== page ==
Google, in response to the Internet blockade in Egypt, said Monday that it had created a way to post messages to microblogging service Twitter by making telephone calls.
Google worked with Twitter and freshly acquired SayNow, a startup specializing in social online voice platforms, to make it possible for anyone to "tweet" by leaving a message at any of three telephone numbers.
"Like many people we've been glued to the news unfolding in Egypt and thinking of what we could do to help people on the ground," Google product manager Abdel-Karim Mardini and SayNow co-founder Ujjwal Singh said in a blog post.
"Over the weekend we came up with the idea of a speak-to-tweet service -- the ability for anyone to tweet using just a voice connection," they said.
Voice mail messages left at +16504194196; +390662207294 or +97316199855 will instantly be converted into text messages, referred to as tweets, and posted at Twitter with an identifying "hashtag" of #egypt.
Twitter hashtags are intended as search terms so people can more easily find comments related to particular topics or events.
People can call the same numbers to listen to messages or hear them online at twitter.com/speak2tweet.
"We hope that this will go some way to helping people in Egypt stay connected at this very difficult time," said Singh and Mardini. "Our thoughts are with everyone there."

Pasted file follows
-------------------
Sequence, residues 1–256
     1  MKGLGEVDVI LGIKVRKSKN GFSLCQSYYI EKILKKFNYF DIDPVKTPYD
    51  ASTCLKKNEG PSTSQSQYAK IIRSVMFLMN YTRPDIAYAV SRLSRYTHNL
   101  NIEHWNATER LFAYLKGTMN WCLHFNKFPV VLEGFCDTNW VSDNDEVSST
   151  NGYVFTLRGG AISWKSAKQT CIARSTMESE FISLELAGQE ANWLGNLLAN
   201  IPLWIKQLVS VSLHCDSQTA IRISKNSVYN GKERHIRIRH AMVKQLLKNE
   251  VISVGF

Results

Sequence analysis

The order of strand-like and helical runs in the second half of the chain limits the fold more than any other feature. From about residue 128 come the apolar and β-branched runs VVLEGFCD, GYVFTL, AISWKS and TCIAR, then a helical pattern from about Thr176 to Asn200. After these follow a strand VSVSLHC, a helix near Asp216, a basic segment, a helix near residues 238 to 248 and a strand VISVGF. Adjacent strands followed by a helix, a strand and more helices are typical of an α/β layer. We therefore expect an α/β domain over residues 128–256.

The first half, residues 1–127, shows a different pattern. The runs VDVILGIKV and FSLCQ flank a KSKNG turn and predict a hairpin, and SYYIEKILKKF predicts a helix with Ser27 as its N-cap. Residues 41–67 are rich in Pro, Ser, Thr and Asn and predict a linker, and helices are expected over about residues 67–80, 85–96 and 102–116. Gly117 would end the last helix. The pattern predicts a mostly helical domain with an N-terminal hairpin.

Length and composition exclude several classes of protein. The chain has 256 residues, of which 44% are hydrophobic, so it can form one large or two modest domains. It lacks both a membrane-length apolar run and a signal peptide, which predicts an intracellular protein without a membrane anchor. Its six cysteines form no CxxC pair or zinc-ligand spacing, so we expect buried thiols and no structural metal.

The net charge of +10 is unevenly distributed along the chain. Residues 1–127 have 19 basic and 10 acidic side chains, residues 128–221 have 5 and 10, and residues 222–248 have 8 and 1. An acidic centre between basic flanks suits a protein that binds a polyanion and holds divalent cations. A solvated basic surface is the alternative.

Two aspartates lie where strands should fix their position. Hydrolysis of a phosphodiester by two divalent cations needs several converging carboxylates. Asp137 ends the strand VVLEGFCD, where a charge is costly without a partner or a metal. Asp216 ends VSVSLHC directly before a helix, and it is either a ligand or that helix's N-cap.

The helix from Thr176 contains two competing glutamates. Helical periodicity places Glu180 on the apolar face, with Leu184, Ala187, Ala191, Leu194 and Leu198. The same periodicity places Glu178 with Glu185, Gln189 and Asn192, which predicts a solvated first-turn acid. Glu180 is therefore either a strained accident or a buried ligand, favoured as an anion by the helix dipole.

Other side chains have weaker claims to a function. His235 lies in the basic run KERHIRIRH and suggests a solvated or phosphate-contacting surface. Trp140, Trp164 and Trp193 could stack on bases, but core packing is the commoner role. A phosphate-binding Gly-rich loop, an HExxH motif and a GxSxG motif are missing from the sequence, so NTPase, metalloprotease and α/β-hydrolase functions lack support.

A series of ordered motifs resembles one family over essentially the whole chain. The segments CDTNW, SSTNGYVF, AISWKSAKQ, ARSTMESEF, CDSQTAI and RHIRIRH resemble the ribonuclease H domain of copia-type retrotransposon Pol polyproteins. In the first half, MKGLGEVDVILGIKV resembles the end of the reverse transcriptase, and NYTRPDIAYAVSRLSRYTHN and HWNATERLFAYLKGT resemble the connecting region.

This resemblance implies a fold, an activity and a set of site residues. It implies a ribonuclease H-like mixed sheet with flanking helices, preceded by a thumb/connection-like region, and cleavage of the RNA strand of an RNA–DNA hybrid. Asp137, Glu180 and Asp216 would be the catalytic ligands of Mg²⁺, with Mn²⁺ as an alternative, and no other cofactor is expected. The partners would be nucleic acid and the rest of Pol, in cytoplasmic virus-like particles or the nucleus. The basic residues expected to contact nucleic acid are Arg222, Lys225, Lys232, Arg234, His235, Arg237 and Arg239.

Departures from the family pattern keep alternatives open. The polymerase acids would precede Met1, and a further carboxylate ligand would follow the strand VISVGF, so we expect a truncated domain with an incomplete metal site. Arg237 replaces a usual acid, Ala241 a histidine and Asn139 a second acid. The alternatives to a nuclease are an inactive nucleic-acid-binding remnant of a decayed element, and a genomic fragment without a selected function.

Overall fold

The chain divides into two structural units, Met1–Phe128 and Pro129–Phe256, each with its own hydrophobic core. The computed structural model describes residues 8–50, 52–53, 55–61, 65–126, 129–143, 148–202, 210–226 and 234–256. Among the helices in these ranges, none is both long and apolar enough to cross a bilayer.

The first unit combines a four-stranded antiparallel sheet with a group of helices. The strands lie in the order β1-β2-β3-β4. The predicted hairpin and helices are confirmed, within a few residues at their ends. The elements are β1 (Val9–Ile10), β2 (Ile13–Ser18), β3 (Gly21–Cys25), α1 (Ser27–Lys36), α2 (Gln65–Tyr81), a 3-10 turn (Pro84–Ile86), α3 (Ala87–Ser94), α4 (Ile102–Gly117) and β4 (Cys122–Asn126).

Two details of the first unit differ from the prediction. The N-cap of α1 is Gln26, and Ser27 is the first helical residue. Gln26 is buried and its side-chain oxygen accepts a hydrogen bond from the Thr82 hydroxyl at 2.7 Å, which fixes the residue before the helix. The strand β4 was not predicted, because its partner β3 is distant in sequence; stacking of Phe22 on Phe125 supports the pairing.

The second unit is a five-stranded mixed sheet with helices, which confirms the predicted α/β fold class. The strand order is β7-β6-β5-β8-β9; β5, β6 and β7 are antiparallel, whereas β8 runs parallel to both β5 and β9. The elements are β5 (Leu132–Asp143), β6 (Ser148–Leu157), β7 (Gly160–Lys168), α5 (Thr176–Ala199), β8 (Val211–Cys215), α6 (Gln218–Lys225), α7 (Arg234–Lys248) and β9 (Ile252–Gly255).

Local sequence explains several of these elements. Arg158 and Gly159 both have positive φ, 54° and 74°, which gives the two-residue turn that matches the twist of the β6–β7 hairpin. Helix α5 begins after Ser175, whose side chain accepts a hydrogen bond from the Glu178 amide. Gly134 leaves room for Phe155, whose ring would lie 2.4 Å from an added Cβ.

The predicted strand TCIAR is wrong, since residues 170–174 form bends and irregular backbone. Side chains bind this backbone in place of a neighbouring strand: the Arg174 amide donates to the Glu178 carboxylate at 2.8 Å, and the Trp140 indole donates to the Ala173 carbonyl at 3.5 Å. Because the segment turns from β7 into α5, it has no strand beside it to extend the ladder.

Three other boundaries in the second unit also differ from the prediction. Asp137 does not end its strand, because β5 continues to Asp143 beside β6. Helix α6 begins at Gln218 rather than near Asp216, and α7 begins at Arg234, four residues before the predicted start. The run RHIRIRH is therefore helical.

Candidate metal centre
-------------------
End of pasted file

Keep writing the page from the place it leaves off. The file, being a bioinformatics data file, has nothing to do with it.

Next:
Google, meanwhile, declined to comment on reports that one of its Egypt-based marketing executives, Wael Ghonim, has been missing since late Friday.
"We care deeply about the safety of our employees, but to protect their privacy, we don't comment on them individually," a spokesman for the California Internet giant said in an email response to an AFP inquiry.
Egypt's last working Internet service provider, the Noor Group, went down on Monday, according to US Web monitoring company Renesys, leaving the crisis-torn nation completely offline.
Egypt's four main Internet service providers -- Link Egypt, Vodafone/Raya, Telecom Egypt and Etisalat Misr -- cut off international access to their customers on Thursday after days of protests against President Hosni Mubarak.
Explore further: Digital dilemma: How will US respond to Sony hack?